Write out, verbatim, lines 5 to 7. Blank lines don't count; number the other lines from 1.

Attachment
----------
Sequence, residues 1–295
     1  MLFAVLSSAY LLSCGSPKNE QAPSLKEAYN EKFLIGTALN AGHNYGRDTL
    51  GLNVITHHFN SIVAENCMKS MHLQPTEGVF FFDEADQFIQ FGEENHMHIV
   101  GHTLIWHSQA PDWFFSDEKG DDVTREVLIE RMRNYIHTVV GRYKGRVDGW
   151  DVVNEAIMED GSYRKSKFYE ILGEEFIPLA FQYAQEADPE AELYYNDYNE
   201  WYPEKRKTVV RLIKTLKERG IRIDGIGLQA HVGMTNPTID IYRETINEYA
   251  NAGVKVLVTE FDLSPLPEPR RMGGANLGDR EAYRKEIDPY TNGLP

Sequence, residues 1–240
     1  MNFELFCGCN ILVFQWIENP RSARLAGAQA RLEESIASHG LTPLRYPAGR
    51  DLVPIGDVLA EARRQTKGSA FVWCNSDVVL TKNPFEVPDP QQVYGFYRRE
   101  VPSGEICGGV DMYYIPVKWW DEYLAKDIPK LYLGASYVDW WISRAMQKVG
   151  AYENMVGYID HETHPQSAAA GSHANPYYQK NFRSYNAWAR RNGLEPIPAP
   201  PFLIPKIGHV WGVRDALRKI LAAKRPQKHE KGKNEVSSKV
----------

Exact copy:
   151  DVVNEAIMED GSYRKSKFYE ILGEEFIPLA FQYAQEADPE AELYYNDYNE
   201  WYPEKRKTVV RLIKTLKERG IRIDGIGLQA HVGMTNPTID IYRETINEYA
   251  NAGVKVLVTE FDLSPLPEPR RMGGANLGDR EAYRKEIDPY TNGLP